Most musicians know that there is a vast range of sample conversion software available, offering to convert between audio formats such as Wave, MP3, AIFF, and between different sampler formats such as Akai, Roland, Emu, Giga, SampleTank, SoundFont and so on.
The .nks format, however, is heavily encrypted and it’s clear that NI does not want you to extract the samples. In fact, it will be interesting to see if any enterprising sample conversion developer comes up with a converter but at least one has said it is not currently pursuing a conversion option. The reason is simple – piracy. Genuine users pay for the irresponsibility of the few.
The Kompakt interface offers all the edit features you’d expect of a sampler, even though the samples are limited to those supplied with the program and you cannot load your own.
There are eight instrument slots, together known as a Mutli, and you can change each instrument’s settings and save the changes as a new Multi. Each instrument in a Multi can be set to its own MIDI channel so you can play eight sounds at once although you probably won’t want to play too many Hardcore Basses together!
You can change an instrument’s key range, transpose it, and route each instrument to a different output on a multi-out audio card. Edit facilities include a range of filters, an envelope generator, four LFOs, and a microtuning section to add a touch of realism when mimicking boy bands or a Posh Spice record.
There is also an effects section featuring Reverb, Chorus, Delay and a Master Filter. They have few controls but work well.
I’m hard, me
The Hardcore Bass samples come from Quantum Leap producers Nick Phoenix and Pierre Martin. “What would happen if you turned your bass amp to 11?” asks the blurb. Well, now you can find out. The bass samples are taken from Musicman Stingray and Lakland 5594 string basses using different pick-up and amp settings – a total of 6,600 multi-samples covering every conceivable way of playing the instruments.
The presets are neatly arranged into six bass types and include over 130 bass sounds. They vary from the solid, workaday basses you could use in a wide range of material to OTT bends, and string slides and scrapes that you might use in a wild rock solo just before you take off the bass and smash it into the amp!
Some samples have slides and effects at higher velocity levels. Others, called keyswitch patches, let you play different articulations. All the basses have up and down strokes, some have the up strokes at the top of the keyboard and the down strokes at the bottom. Some alternate between up and down strokes each time you hit a key. The tone of all the patches can be further controlled via the Modulation Wheel and you can quickly and easily create some neat filtered bass effects with this. It’s very empowering to play.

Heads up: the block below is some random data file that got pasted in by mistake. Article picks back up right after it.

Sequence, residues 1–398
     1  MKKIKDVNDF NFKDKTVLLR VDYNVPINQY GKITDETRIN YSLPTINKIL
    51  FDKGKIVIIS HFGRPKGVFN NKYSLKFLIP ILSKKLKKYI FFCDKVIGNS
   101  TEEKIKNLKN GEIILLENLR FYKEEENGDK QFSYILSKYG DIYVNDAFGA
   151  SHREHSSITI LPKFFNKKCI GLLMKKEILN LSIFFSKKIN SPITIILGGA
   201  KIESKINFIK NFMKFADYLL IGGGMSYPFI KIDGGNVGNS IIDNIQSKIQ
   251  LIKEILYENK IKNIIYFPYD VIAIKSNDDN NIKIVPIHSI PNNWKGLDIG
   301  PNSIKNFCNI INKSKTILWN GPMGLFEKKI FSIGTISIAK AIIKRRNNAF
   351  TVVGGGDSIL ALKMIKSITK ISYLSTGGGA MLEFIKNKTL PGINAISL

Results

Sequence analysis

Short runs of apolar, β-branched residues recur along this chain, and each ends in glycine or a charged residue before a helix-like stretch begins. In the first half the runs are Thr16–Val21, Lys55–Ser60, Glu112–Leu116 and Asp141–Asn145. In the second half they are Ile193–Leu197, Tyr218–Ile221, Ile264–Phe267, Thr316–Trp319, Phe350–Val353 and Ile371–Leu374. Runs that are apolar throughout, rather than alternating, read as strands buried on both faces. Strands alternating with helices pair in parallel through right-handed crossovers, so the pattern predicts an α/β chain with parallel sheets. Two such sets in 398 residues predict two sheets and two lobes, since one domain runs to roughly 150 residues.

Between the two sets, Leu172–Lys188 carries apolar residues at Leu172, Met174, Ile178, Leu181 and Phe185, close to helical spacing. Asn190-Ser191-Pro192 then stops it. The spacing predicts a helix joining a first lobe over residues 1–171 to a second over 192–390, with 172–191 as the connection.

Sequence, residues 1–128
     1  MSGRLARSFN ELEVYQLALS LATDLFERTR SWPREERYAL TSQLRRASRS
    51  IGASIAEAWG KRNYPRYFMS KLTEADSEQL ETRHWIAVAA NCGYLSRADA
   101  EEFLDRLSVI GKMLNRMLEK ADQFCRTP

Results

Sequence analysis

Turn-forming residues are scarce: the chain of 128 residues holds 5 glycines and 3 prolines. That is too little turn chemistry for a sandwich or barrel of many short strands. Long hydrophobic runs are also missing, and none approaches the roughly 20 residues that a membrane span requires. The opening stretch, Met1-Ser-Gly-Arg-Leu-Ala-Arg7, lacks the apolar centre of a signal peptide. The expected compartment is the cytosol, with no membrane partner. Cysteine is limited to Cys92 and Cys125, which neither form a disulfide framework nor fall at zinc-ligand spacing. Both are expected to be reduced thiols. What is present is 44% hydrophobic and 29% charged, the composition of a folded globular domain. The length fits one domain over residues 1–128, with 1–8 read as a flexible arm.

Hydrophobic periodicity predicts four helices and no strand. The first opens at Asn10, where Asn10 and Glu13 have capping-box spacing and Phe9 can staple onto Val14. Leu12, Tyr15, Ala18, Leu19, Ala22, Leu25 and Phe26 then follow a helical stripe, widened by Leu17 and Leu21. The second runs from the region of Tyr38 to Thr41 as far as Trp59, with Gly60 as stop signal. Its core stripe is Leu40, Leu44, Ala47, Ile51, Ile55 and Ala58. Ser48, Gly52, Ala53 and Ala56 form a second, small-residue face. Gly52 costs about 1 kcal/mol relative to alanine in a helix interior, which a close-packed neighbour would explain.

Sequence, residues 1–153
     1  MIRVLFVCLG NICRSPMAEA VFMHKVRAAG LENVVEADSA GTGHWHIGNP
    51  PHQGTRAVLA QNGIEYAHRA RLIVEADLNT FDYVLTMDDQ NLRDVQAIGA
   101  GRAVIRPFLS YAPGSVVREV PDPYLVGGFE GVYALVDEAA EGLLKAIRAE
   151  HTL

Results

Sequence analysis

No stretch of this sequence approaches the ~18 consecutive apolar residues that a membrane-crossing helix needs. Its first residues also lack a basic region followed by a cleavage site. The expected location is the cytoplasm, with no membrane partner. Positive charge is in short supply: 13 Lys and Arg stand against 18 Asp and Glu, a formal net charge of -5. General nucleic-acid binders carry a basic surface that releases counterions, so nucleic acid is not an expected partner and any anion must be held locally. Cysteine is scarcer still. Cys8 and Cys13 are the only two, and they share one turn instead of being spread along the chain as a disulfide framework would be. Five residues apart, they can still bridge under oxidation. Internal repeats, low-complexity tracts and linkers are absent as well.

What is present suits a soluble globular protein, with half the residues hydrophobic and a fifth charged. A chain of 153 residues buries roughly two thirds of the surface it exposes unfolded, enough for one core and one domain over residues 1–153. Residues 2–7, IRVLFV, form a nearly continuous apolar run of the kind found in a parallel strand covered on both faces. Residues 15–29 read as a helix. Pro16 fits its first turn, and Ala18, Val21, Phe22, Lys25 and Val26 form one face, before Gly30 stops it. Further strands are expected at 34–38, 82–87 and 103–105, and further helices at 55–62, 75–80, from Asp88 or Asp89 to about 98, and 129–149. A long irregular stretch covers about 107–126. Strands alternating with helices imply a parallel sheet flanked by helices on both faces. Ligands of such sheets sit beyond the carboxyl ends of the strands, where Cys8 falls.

You quickly see how much thought has gone into the creation of these sounds. The only slight misnomer is the title. The basses are not just hardcore and not just played with an amp setting of 11. They would, in fact, fit into virtually every area of modern music including ballads and jazz so to think of them only as meaty, beaty, big and bouncy would be to undervalue them considerably.
Play it again, Sam
The Bösendorfer 290 is, as you have probably guessed, a sampled piano. Again, EastWest in the persona of Michiel Post has done a superb job in creating the samples. There are up to 16 velocity layers, and two mic positions (close and ambient), all rolled into over 60 presets.
One of the most appealing aspects of the Bösendorfer – the real piano, that is – is that it has a larger sound board than many other concert pianos and, with it, a larger dynamic range. The sample recordings have cleverly captured the nuances and subtleties of this magnificent instrument with velocity switch points arranged to create an incredibly realistic performance.
The Bösendorfer 290 also uses the Kompakt interface and you might well ponder on the advisability of messing with such a carefully crafted sampled piano creation. Well, if you don’t want to do it, the producers have done it for you. Many of the presets have had effects applied to them and the results range from the subtle and tasteful to the considerably processed although it’s all been done in the best possible taste. Mostly.
The choice of piano is very much a personal preference. The Bösendorfer is very crisp and bright and rather hard (in a percussive sort of way) in the higher registers. It’s superb fun to play and you may have to tear yourself away in order to try other presets and experiment with the Kompakt settings. If you’re looking for a solid piano sound – with variations – for your sonic arsenal then you simply must try this.
Kickin’ up a storm